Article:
In the SM, Kotov did the routine daily servicing of the SOZh system (Environment Control & Life Support System, ECLSS). [Regular daily SOZh maintenance consists, among else, of checking the ASU toilet facilities, replacement of the KTO & KBO solid waste containers and replacement of EDV-SV waste water and EDV-U urine containers.]
The CDR also performed the daily IMS (Inventory Management System) maintenance, updating/editing its standard “delta file” including stowage locations, for the regular weekly automated export/import to its three databases on the ground (Houston, Moscow, Baikonur).
Soichi re-calibrated the two new hand-held CSA-O2 (Compound Specific Analyzer-Oxygen, #1041, #1045) instruments for first use after their delivery on 20A and sufficient time for outgassing any residuals.
TVIS Anomaly: During today’s monthly TVIS (Treadmill with Vibration Isolation & Stabilization) inspection Oleg Kotov reported 2 of 4 Gyroscope Wire Ropes were failed. The TVIS is No Go for exercise until the ropes are replaced. The Russian crewmembers will use T2 until TVIS can be repaired. There is one complete replacement set of ropes stowed on ISS and available for R&R.
The weekly inspection/maintenance of the T2 advanced treadmill was completed by Timothy, checking its components, pin alignment, rack centering and the snubber jam nut witness marks. [Witness marks (12 total) are applied to the X-, Y- & Z-axis jam nuts on each (of four) snubber arm. Their inspection serves to determine to what degree and which jam nuts are backing off.]
The crew completed their regular daily 2.5-hr. physical workout program on the ARED advanced resistive exerciser (CDR, FE-5, FE-6) and T2/COLBERT advanced treadmill (CDR, FE-5, FE-6).
No CEO (Crew Earth Observation) photo targets uplinked for today.
ISS Orbit (as of this morning, 8:31am EDT [= epoch])
Mean altitude – 346.5 km
Apogee height – 351.6 km
Perigee height – 341.4km
Period -- 91.47 min.
Inclination (to Equator) -- 51.65 deg
Eccentricity -- 0.0007548
Solar Beta Angle -- -33.0 deg (magnitude increasing)
Orbits per 24-hr. day -- 15.74
Mean altitude loss in the last 24 hours -- 97 m
Revolutions since FGB/Zarya launch (Nov. 98) – 64,982
Significant Events Ahead (all dates Eastern Time and subject to change):
04/02/10 -- Soyuz TMA-18/22S launch – Skvortsov (CDR-24)/Caldwell/Kornienko – 12:04:34am EDT
04/04/10 -- Soyuz TMA-18/22S docking – ~1:28am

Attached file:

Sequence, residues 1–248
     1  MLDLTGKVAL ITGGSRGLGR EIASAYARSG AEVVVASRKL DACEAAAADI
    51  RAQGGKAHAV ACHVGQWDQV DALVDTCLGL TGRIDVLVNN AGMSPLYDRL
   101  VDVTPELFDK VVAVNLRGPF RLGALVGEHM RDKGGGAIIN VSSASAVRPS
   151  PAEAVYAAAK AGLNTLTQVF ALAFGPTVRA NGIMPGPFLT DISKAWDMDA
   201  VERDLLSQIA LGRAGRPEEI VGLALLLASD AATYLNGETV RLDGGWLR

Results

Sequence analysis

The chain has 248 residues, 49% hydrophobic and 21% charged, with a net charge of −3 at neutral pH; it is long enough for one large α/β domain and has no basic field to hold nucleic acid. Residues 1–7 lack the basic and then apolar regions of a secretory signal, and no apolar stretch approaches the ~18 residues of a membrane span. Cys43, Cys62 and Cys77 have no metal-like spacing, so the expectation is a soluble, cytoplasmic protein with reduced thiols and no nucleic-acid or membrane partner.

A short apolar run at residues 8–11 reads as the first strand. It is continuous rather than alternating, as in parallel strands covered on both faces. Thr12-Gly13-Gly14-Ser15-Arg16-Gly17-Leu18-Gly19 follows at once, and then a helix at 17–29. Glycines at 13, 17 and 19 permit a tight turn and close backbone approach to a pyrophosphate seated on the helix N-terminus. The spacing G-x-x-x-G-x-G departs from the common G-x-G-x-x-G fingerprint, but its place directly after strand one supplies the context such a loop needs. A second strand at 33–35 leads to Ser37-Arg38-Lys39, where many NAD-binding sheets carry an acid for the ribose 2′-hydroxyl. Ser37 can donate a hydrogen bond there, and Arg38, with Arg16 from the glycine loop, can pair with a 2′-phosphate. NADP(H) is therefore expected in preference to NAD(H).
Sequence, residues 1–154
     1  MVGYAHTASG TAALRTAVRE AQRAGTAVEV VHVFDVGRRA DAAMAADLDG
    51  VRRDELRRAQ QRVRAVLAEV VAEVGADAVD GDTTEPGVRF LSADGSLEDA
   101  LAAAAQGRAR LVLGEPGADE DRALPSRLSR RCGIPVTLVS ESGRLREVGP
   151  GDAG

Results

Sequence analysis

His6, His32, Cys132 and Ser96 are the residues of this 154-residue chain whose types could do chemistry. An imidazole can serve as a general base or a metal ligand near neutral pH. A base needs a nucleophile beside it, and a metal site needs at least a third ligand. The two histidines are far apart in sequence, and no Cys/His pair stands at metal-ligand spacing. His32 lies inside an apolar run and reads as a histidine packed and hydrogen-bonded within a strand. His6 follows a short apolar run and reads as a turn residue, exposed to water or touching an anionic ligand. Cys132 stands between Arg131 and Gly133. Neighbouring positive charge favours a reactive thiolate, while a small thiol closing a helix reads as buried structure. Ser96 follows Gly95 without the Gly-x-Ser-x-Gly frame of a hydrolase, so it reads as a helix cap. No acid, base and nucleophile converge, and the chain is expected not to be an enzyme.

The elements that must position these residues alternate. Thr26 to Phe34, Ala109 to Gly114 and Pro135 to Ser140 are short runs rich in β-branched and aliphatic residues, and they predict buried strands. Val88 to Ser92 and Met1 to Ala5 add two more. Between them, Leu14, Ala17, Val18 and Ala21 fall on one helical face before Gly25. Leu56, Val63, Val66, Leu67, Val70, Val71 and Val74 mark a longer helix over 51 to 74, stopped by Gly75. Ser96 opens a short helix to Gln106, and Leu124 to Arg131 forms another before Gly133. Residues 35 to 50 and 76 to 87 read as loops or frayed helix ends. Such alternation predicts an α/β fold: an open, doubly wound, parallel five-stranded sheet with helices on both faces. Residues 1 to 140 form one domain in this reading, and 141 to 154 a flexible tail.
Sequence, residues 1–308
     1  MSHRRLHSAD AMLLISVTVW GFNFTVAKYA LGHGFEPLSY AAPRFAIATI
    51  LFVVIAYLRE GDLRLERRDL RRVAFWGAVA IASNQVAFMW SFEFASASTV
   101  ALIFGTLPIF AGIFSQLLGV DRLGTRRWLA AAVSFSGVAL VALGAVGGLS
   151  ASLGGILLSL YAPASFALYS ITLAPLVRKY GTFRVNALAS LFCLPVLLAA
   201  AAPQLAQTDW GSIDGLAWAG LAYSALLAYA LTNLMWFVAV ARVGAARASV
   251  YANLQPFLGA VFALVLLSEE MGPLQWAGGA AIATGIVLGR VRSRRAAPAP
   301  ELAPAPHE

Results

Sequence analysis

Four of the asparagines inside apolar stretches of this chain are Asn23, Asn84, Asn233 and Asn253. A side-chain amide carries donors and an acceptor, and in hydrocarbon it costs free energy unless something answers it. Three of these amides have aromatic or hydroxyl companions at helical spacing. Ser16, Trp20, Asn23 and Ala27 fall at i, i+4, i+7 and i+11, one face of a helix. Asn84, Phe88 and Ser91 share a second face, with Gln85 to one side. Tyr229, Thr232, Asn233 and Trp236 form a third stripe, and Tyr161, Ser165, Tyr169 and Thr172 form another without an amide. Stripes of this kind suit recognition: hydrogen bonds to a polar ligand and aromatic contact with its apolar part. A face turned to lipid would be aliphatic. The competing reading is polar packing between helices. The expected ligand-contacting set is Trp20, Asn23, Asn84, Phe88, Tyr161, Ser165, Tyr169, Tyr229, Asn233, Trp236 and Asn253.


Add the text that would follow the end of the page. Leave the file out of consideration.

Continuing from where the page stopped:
04/05/10 -- STS-131/Discovery/19A – MPLM(P), LMC – launch 6:21:21am
04/07/10 -- STS-131/Discovery/19A – MPLM(P), LMC – docking 3:46am
04/16/10 -- STS-131/Discovery/19A – MPLM(P), LMC – undocking 4:01am
04/18/10 -- STS-131/Discovery/19A – MPLM(P), LMC – land/KSC 8:35am
04/27/10 -- Progress M-03M/35P undock
04/28/10 -- Progress M-05M/37P launch
04/30/10 -- Progress M-05M/37P docking
05/10/10 -- Progress M-04M/36P undock
05/12/10 -- Soyuz 21S relocation (FGB Nadir to SM Aft)
05/14/10 -- STS-132/Atlantis/ULF4 – ICC-VLD, MRM-1 “Rassvet”
06/02/10 -- Soyuz TMA-17/21S undock/landing (End of Increment 23)
06/14/10 -- Soyuz TMA-19/23S launch – Wheelock (CDR-25)/Walker/Yurchikhin
06/16/10 -- Soyuz TMA-19/23S docking
06/28/10 -- Progress M-06M/38P launch
06/30/10 -- Progress M-06M/38P docking
07/07/10 -- US EVA-15 (Caldwell/Wheelock)
07/23/10 -- Russian EVA-25 (Yurchikhin/Kornienko)
07/26/10 -- Progress M-05M/37P undock
07/29/10 -- STS-134/Endeavour (ULF6 – ELC3, AMS-02)
08/30/10 -- Progress M-06M/38P undock
08/31/10 -- Progress M-07M/39P launch
09/02/10 -- Progress M-07M/39P docking
09/16/10 -- Soyuz TMA-18/22S undock/landing (End of Increment 24)
09/16/10 -- STS-133/Discovery (ULF5 – ELC4, PMM)
09/18/10 -- STS-133/Discovery (ULF5 – ELC4, PMM) docking
09/22/10 -- STS-133/Discovery (ULF5 – ELC4, PMM) undock
09/30/10 -- Soyuz TMA-20/24S launch – Kelly (CDR-26)/Kaleri/Skripochka
10/xx/10 -- Russian EVA-26
10/27/10 -- Progress M-08M/40P launch
10/29/10 -- Progress M-08M/40P docking
11/26/10 -- Soyuz TMA-19/23S undock/landing (End of Increment 25)
11/30/10 -- ATV2 launch– Ariane 5 (ESA) U/R
12/10/10 -- Soyuz TMA-21/25S launch – Kondratyev (CDR-27)/Coleman/Nespoli
12/15/10 -- Progress M-07M/39P undock
12/17/10 -- ATV2 docking
12/26/10 -- Progress M-08M/40P undock
12/27/10 -- Progress M-09M/41P launch
12/29/10 -- Progress M-09M/41P docking
03/16/11 -- Soyuz TMA-20/24S undock/landing (End of Increment 26)
03/30/11 -- Soyuz TMA-22/26S launch – A. Borisienko (CDR-28)/R, Garan/A.Samokutayev
04/01/11 -- Soyuz TMA-22/26S docking
04/27/11 -- Progress M-09M/41P undock
04/28/11 -- Progress M-10M/42P launch
04/30/11 -- Progress M-10M/42P docking
05/17/11 -- Soyuz TMA-21/25S undock/landing (End of Increment 27)
05/31/11 -- Soyuz TMA-23/27S launch – M. Fossum (CDR-29)/S. Furukawa/S. Volkov
06/02/11 -- Soyuz TMA-23/27S docking
06/21/11 -- Progress M-11M/43P launch
06/23/11 -- Progress M-11M/43P docking
08/30/11 -- Progress M-12M/44P launch
09/01/11 -- Progress M-12M/44P docking
09/30/11 -- Soyuz TMA-24/28S launch
10/28/11 -- Progress M-13M/45P launch
10/30/11 -- Progress M-13M/45P docking
11/25/11 -- Soyuz TMA-25/29S launch
11/27/11 -- Soyuz TMA-25/29S docking
12/??/11 -- 3R Multipurpose Laboratory Module (MLM) w/ERA – on Proton.